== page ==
After referral to our hospital, a positron emission tomography-CT (PET-CT) scan showed several small systemic lesions in his liver, lung, and cervical, axillary, and para-aortic lymph nodes, which suggested subsequent disseminated disease. Initially, he received the first course from the ALCL99 protocol (5-day prophase and course AM), including intravenous methotrexate (MTX) 3 g/m2 for 3 h. Severe progressive headache and vomiting disappeared after the first course of chemotherapy. He subsequently received five courses of the CNS-directed NHL-BFM-90 K3 regimen. Vital points for CNS-directed therapy, whose courses and dosages from the NHL-BFM-90 regimen K3 were applied to this patient, are given below. He received a 5-day cytoreductive prophase: dexamethasone 5 mg/m2 on days 1 and 2; dexamethasone 10 mg/m2 on days 3, 4, and 5; and cyclophosphamide 200 mg/m2 on days 1 and 2. After this prephase therapy, the patient stratified to the course AA, followed by courses BB, CC, AA, BB, and CC. In the therapy of courses AA and BB, MTX 5 g/m2 was administered for 24 h with subsequent leucovorin rescue. Dexamethasone 10 mg/m2 for 5 days is included in courses AA and BB while dexamethasone 20 mg/m2 for 5 days is included in course CC. Twice-daily intravenous administration of high-dose cytarabine 2 g/m2 on days 1 and 2 is included in course CC [3]. Complete remission was achieved after the initial two courses of chemotherapy. As CNS consolidation therapy, he received 23.4 Gy of whole-brain irradiation after these six courses of chemotherapy.
At 8 months after treatment completion, however, the patient returned to our hospital with fever, skin rash, and lymphadenopathy. He showed a significant elevated level of the soluble IL-2 receptor at 8.2 × 104 IU/L. Skin and cervical lymph node biopsies showed a diffuse proliferation of large CD30- and ALK-positive “hallmark” cells, and the tumor was positive for NPM-ALK fusion on reverse transcriptase–polymerase chain reaction [23]. Thus, he was diagnosed with recurrent ALK-positive ALCL. Contrast CT and PET-CT scans showed systemic dissemination in the skin, lung, and lymph nodes. Since the cytology of cerebrospinal fluid was negative and the head MRI showed no CNS lesions (data not shown), we considered him to have systemic relapse without CNS involvement. Respiratory distress due to lung metastasis and pleural effusion, even after preceding dexamethasone treatment, required immediate chemotherapy. Complete remission was achieved after the first course of ALCL99 chemotherapy, which consisted of the 5-day prophase following course AM, including high-dose methotrexate. Subsequently, he received second-generation ALK inhibitor maintenance, alectinib at 300 mg twice daily, without any adverse events, and he has remained in remission for 18 months from the start of the alectinib treatment. Now, he is a senior high school student who undergoes daily oral alectinib administration and regular medical checkups in an outpatient clinic.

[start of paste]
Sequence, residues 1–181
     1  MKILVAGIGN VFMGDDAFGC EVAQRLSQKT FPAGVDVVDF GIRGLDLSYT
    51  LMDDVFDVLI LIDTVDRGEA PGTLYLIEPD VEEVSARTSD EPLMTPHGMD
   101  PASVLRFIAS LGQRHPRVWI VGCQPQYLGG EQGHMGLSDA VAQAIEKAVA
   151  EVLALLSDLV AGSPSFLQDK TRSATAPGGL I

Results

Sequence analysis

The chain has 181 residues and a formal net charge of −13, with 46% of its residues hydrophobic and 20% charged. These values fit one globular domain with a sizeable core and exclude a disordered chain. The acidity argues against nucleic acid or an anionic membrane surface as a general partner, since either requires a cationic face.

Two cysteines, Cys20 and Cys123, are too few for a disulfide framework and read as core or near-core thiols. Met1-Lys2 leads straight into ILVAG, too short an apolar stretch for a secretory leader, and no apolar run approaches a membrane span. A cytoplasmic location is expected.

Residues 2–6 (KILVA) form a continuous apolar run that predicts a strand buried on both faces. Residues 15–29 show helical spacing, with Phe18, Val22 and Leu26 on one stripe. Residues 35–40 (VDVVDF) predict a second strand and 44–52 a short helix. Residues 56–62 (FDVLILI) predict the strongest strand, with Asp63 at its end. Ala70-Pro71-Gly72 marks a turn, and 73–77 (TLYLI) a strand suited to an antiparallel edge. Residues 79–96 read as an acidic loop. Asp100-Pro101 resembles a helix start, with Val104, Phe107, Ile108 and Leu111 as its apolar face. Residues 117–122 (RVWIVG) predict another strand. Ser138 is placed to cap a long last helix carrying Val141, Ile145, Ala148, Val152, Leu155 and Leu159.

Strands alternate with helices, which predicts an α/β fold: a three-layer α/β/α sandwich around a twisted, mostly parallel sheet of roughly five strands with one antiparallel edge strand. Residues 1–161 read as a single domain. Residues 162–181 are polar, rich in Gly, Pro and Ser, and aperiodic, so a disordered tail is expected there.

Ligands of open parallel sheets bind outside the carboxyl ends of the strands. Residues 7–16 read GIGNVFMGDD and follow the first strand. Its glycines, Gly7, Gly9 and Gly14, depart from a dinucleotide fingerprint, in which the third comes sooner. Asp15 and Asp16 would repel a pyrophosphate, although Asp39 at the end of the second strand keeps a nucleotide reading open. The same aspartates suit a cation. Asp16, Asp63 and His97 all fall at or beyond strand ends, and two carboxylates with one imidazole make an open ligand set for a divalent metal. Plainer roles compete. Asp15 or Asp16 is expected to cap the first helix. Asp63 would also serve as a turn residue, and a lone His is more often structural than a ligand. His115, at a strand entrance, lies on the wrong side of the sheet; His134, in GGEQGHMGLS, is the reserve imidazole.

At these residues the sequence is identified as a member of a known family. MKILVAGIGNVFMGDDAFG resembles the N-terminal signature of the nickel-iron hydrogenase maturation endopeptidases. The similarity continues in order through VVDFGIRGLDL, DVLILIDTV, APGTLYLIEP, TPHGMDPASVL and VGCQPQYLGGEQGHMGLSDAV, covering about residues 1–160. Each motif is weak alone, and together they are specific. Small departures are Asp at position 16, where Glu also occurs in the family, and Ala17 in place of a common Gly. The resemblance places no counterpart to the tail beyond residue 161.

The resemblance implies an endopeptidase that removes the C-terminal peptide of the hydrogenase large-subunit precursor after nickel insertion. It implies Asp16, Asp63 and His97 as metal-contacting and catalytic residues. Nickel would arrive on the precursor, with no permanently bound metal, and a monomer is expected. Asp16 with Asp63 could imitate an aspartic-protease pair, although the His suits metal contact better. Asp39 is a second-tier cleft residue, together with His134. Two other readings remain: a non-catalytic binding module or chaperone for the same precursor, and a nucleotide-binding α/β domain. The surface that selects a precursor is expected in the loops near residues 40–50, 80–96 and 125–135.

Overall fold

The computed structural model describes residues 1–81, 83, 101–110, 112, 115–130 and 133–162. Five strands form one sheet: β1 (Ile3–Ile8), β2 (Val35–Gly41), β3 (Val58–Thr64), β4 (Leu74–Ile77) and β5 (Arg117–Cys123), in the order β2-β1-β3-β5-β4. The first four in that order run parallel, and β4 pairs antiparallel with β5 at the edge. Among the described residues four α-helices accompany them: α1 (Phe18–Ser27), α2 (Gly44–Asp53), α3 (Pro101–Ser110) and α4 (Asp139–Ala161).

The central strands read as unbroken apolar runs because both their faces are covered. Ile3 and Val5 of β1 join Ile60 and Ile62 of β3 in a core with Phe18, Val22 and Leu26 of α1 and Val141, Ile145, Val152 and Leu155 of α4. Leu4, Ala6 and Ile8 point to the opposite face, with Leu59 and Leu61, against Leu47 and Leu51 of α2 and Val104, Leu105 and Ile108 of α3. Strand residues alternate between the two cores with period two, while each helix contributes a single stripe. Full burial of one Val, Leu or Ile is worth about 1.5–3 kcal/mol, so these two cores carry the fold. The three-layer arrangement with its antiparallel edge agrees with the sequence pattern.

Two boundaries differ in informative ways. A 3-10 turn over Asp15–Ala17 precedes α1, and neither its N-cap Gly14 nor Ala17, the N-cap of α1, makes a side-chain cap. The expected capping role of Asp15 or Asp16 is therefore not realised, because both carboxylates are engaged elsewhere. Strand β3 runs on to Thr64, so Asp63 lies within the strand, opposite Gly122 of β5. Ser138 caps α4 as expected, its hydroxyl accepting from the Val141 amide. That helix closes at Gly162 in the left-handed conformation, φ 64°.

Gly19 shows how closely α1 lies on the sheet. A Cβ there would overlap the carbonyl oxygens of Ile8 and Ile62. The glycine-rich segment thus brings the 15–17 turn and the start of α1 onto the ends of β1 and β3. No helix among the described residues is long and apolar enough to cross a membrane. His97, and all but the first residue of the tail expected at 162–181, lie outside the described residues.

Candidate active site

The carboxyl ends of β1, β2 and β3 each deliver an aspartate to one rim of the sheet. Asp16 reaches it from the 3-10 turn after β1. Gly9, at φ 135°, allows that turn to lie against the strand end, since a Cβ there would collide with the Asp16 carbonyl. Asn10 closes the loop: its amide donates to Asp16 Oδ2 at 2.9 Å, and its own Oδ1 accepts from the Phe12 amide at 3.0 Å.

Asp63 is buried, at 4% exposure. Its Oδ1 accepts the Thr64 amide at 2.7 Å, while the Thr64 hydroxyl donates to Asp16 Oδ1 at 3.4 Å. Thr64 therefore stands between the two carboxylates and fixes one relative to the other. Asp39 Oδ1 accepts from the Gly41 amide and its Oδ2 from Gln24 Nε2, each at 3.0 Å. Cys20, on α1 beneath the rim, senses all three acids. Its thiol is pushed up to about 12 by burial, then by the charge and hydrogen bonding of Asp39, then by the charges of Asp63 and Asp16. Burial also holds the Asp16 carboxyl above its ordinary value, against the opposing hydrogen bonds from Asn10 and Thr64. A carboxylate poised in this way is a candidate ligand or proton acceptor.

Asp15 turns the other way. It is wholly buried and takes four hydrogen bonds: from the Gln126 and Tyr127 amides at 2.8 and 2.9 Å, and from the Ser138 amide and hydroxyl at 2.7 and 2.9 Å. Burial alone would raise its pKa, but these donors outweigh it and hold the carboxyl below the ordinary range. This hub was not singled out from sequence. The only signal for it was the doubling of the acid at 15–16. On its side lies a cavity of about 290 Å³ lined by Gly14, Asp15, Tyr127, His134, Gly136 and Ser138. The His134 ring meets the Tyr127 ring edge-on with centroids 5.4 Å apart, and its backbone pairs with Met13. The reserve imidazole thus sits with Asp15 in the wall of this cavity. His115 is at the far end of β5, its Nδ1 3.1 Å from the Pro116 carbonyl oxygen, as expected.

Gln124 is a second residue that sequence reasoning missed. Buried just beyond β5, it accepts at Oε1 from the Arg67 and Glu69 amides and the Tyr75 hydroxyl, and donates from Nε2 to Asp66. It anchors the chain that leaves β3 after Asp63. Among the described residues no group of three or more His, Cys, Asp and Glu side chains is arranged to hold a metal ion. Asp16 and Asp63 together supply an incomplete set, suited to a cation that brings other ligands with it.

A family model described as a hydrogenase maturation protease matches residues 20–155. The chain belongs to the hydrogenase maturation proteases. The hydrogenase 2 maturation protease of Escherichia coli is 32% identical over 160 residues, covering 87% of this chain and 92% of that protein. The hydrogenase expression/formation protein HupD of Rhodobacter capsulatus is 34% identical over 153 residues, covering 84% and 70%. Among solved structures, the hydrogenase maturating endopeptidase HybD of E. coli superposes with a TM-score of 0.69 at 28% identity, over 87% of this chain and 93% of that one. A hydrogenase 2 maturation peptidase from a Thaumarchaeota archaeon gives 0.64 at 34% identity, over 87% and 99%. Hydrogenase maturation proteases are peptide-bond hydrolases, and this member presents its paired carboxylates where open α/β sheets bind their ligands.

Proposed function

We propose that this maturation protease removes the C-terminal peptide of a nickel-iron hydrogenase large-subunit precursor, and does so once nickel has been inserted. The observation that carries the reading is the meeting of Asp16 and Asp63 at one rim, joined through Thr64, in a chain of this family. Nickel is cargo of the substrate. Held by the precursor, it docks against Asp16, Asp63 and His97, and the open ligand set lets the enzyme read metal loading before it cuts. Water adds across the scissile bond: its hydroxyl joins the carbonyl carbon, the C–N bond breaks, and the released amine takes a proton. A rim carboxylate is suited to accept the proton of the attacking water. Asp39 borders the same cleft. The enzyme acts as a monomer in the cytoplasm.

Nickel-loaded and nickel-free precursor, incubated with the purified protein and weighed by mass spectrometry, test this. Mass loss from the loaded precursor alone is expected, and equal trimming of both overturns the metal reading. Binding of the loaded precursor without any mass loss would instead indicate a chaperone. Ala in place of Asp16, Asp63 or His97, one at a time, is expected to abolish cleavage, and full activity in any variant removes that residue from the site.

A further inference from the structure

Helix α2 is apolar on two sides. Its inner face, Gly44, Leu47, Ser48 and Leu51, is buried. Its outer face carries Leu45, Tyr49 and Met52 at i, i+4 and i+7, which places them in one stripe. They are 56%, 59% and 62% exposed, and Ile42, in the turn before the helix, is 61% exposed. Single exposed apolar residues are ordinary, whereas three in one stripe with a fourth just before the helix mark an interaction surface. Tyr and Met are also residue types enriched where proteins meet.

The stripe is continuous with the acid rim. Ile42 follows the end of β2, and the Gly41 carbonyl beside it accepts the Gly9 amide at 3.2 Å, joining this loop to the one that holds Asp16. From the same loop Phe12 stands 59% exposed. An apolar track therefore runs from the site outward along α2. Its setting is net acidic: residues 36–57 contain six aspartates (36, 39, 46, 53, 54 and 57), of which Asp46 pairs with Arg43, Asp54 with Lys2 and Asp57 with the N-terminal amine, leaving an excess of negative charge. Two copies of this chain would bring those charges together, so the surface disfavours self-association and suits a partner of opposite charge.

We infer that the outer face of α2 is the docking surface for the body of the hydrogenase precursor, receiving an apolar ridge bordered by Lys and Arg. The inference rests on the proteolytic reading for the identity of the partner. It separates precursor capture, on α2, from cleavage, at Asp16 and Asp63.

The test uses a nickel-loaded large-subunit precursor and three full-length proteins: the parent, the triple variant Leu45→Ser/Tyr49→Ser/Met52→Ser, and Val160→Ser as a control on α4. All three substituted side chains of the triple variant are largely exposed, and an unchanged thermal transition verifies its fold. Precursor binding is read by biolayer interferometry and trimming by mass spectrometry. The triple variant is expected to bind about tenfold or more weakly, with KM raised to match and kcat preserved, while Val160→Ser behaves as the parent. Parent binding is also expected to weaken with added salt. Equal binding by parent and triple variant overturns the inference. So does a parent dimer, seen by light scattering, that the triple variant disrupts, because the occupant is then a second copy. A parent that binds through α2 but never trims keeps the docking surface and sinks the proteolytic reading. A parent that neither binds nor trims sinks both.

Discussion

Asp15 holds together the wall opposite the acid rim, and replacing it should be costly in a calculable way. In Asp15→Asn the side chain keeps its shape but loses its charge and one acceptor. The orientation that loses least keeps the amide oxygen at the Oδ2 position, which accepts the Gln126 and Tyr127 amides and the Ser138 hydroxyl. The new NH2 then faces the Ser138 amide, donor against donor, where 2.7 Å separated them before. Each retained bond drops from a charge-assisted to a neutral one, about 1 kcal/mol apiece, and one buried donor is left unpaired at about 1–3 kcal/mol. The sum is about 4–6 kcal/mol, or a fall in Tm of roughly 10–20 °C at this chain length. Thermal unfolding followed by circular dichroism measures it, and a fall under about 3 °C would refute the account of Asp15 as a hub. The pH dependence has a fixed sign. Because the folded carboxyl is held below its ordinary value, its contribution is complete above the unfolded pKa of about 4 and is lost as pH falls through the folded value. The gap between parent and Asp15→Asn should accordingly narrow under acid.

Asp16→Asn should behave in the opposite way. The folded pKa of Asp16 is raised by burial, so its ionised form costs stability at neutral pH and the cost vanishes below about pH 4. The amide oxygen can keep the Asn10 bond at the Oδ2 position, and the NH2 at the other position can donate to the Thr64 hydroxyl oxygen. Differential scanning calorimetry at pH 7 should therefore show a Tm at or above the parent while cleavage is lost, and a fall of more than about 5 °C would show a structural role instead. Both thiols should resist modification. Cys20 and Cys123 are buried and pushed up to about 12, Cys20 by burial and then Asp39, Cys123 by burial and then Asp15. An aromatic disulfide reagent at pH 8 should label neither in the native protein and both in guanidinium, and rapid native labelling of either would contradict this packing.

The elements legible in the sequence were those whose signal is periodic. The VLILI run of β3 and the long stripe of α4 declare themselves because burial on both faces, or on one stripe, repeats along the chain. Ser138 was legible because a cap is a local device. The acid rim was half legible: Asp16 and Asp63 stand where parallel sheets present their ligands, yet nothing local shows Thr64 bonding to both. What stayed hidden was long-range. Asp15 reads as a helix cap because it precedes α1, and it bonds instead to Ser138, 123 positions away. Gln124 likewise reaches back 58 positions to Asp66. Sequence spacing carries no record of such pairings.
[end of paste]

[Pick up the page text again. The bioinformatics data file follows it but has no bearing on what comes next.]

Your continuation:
Written informed consent for this publication was obtained from the participating patient and his guardians, following the rules of the Declaration of Helsinki.

3. Discussion

CNS involvement is associated with poor prognosis in ALCL. This suggests that CNS-directed intensive chemotherapy penetrating the blood–brain barrier (BBB) is required to improve the prognosis of ALCL with CNS involvement. Del Baldo et al. reported that only one out of five CNS-relapsed patients after primary CNS involvement survived [21]. Since rescue after CNS relapse is difficult, the importance of intensified therapy for primary CNS involvement has been suggested [21,22]. The largest retrospective review of primary childhood ALCL with CNS involvement showed that NHL-BFM-90/95-based chemotherapy combined with whole-brain irradiation is mainly used as the treatment [6,24]. Thorer et al. reported five CNS-involved ALCL patients who received 24 Gy whole-brain irradiation after chemotherapy. Three patients are alive in remission, while one died due to infection and another died after relapse [25].